Recipe: Oatmeal muffins

28 March, 2020


10 things to know about Knutsford’s Royal May Day


(Image credit:


10 things that you might not already know about the Royal May Day in Knutsford…


1. The Royal May Day is the pinnacle of Knutsford’s calendar and takes place every year on the first Saturday of May. The Royal May Day procession parades through the town and the tradition was started in 1864 by the Vicar of Knutsford, Rev Robert Clowes.


2. There’s a list of all the characters who take part in the procession. It varies slightly each year, but mainstays include: The Marshall, The Town Crier, Jack in the Green and the themes of The Wedding and A Country Garden plus a selection of nursery rhymes as well as morris dancers and various bands. You can see the full list here:


3. There’s a full, and very long, list of all the past queens and crown bearers. It’s considered a real privilege to be selected, and children spend many years working their way up through the ranks in the hope of one day being selected as either the Royal May Queen or Crown Bearer. See the full list, here:


4. The prefix ‘Royal’ was bestowed upon the event in 1887 by King Edward VII and Queen Alexandra (then Prince and Princess of Wales). To this day, the town remains exceedingly proud of its royal title.


5. The 2019 Royal May Queen is Ciara York. Ciara is thirteen years old and will be crowned on Saturday 4th May 2019 by Finley Wright, the 2019 Crown Bearer.


6. Alongside Ciara, a number of other girls have been chosen as members of the court. Isabella Cunningham and Libby Ellis were selected as Ladies in Waiting; Daisy Boardman, Aurora Lee-Kilgariff Annabel Reeve and Maisie Wright were chosen to be Court Ladies; Laura Silcock will be this year’s Maid Marion. Amelie McGill Anglin, Lily Boardman, Kyra Howard, Chloe Kirkham, Holly Pearce and Daisy Scott were all selected as Maids of Honour.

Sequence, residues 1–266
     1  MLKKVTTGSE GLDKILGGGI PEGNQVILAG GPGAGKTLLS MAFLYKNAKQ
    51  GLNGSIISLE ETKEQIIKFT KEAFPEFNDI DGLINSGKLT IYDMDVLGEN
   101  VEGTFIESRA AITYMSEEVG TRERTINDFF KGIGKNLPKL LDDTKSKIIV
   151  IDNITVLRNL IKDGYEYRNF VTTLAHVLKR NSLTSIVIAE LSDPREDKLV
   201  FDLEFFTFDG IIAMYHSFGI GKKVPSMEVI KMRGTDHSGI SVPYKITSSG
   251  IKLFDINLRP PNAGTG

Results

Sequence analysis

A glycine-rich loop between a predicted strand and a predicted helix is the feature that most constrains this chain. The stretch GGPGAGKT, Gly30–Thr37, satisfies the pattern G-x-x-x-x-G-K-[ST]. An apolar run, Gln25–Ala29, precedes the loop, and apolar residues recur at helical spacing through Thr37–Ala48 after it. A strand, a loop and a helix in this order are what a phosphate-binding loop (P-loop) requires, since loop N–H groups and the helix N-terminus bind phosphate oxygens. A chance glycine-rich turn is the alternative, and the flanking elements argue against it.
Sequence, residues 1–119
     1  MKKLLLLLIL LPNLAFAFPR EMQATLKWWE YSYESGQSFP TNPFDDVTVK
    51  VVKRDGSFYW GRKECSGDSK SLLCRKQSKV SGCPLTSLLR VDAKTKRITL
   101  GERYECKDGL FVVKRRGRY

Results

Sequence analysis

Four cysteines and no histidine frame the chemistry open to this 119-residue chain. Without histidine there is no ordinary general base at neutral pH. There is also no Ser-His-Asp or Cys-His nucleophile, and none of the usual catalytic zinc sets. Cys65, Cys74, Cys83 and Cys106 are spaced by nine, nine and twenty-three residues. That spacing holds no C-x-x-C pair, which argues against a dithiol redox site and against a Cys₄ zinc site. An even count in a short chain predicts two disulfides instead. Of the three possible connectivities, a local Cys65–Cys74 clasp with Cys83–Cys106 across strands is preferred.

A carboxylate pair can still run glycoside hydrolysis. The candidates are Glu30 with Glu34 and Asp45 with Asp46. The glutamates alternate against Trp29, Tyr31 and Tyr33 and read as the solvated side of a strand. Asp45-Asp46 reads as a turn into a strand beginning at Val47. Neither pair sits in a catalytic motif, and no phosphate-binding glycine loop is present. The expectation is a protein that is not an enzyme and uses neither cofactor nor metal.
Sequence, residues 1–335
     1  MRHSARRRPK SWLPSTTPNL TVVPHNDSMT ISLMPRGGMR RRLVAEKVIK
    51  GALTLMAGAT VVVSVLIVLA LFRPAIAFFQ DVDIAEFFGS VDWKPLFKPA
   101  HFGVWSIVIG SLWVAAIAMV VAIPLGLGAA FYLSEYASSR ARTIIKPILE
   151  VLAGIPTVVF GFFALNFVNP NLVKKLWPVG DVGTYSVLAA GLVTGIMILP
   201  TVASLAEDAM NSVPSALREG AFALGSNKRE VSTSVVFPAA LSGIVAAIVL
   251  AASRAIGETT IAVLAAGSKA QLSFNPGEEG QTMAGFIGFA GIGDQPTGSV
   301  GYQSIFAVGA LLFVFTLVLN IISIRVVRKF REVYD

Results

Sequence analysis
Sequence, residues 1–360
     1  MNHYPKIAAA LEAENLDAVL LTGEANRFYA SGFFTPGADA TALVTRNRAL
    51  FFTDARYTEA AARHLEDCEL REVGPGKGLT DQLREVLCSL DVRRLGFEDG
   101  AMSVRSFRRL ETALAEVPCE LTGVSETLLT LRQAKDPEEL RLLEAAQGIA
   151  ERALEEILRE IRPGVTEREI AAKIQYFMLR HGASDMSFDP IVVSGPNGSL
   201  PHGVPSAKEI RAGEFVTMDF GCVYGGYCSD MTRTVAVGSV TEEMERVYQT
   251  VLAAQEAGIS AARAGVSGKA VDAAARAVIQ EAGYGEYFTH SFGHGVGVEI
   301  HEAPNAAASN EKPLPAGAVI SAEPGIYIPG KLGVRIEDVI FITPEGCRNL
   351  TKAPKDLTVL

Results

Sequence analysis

7. One of the unique customs of the Royal May Day festival is the ‘sanding’ of the streets. These are a series of mottoes and arabesques traced in brightly coloured sand to decorate the pavements. They don’t last long, however, and passing feet from the large crowds the event draws into the town often obliterate them! The sanding occurs outside the Royal May Queen’s house and that of the Crown Bearer as well as outside the Lord Eldon (the home of the first Royal May Queen) along with various other places around the town.


8. An excerpt from the Guardian, 7th May 1864, reads: “The first celebration at Knutsford, of May Day, took place on Monday 2nd May when such a site was witnessed by the inhabitants as will not be forgotten. The idea was first originated with the Miss Clowes, through whose efforts the arrangements were carried out most successfully … Throughout the town the day was observed as a general holiday, and the inhabitants appeared in holiday costume, while flags and banners hung from almost every trademan’s window.”


9. It has been a long tradition of the Royal May Day that horse drawn lorries/carriages are used for the numerous floats instead of diesel wagons. As time goes by it become more difficult to maintain this tradition, but the event’s committee work very hard throughout the year to bring as many traditional vehicles as possible.


10. The roads will be closed. The parade takes about 90 minutes from start to finish, beginning from Church Hill at 2pm and then finishing its journey on The Heath. Diversions and restrictions are necessary because the parade uses a number of major roads, including the A50. If you’re in the area, expect long delays in the afternoon. There will also be diversions situated around the town from 10am-4pm on various roads.